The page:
Background: Sexual abstinence is a key component of the strategy to address unwanted pregnancies, sexually transmitted infections and HIV among youth in sub-Sahara Africa. But contextual pressures make abstaining from sex a formidable task for urban poor youth in the sub-region. Nevertheless, some youth in these settings still manage to resist the pressure to initiate sex early, while others choose abstinence after an initial sexual debut. Few studies in the sub-region have examined sexual abstinence among urban poor youth. We therefore examined the factors that predict primary and secondary sexual abstinence among youth in urban poor Accra. The findings highlight the protective factors associated with sexual intercourse and should help to address the needs of youth at risk of unprotected sex. Methods: The study analysed pooled data from two rounds of the Urban Health and Poverty Survey. The surveys analysed were conducted in 2011 and 2013. The analysis was restricted to unmarried youth between age 20 and 24 years. The total sample comprised 235 female and male youth. We conducted multinomial logistic regression analysis to examine the predictors of primary and secondary abstinence relative to current sexual intercourse. Results: The results showed that being female, sexual communication with only fathers, sexual communication with only friends and slum residence were negatively associated with primary sexual abstinence. Contrarily, being in school, attaching importance to religion, residing in a household that received social support and sexual communication with both parents were positively associated with primary abstinence. Regarding secondary abstinence, only the sexual communication variables had significant effects. Sexual communication with both parents positively predicted secondary abstinence while communication with fathers-only and friends-only had a negative effect. Conclusion: Sexual abstinence is predicted by factors which range from individual through household factors to the locality of residence. Despite the importance of all the predictors, the study found that sexual communication with both parents was the only factor that predicted a higher likelihood of both primary and secondary sexual abstinence. We therefore recommend sexual communication between parents and youth as a key strategy for promoting sexual abstinence among urban poor youth in Accra, Ghana.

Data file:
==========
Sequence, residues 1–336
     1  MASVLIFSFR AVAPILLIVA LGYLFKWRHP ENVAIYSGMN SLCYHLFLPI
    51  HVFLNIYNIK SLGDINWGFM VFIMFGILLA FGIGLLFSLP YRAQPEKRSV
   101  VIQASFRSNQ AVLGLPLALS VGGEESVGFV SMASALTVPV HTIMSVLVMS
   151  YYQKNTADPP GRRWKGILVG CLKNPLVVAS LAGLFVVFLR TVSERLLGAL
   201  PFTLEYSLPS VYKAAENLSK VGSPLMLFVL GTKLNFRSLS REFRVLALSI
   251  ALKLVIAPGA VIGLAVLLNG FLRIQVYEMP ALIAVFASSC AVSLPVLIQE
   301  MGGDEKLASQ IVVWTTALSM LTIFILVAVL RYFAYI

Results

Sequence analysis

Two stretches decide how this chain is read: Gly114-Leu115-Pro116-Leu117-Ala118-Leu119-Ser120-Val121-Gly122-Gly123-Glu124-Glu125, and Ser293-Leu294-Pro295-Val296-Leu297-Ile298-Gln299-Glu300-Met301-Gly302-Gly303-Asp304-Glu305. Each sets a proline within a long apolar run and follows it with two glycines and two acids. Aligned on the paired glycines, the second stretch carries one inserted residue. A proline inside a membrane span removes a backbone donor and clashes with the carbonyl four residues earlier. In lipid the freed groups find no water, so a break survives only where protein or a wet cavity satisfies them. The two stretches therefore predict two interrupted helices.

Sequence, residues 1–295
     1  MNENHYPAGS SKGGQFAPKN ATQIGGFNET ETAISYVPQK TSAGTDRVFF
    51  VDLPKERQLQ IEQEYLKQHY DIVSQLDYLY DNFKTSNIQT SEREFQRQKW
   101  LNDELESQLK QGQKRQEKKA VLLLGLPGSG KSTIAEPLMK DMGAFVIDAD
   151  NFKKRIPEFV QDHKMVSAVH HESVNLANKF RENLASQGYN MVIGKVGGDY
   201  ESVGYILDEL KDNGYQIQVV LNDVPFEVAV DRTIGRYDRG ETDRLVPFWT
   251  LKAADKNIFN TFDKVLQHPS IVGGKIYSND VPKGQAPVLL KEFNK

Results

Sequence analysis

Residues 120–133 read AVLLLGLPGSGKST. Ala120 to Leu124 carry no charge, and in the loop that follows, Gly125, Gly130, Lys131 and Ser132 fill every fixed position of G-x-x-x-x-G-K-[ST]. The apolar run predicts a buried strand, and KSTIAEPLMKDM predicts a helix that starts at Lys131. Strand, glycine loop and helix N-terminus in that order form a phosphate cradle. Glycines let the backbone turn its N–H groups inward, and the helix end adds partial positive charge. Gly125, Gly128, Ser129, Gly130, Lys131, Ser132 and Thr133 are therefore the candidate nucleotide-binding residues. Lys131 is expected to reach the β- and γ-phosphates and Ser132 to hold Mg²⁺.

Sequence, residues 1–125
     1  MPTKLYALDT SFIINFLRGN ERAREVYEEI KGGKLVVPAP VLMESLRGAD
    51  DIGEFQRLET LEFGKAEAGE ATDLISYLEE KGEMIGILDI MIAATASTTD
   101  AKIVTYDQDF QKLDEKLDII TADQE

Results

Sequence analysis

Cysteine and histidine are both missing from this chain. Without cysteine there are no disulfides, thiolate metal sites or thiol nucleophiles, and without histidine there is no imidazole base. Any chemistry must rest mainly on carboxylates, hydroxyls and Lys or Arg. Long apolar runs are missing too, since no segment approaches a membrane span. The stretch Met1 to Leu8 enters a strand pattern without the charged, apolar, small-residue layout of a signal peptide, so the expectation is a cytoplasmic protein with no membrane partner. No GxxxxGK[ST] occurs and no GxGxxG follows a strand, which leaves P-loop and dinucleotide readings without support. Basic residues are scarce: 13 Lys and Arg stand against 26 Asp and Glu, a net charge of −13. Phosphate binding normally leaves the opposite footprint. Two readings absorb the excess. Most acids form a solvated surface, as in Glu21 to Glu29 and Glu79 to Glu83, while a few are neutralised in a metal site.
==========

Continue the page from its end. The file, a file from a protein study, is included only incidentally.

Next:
All Science Journal Classification (ASJC) codes
- Reproductive Medicine
- Obstetrics and Gynecology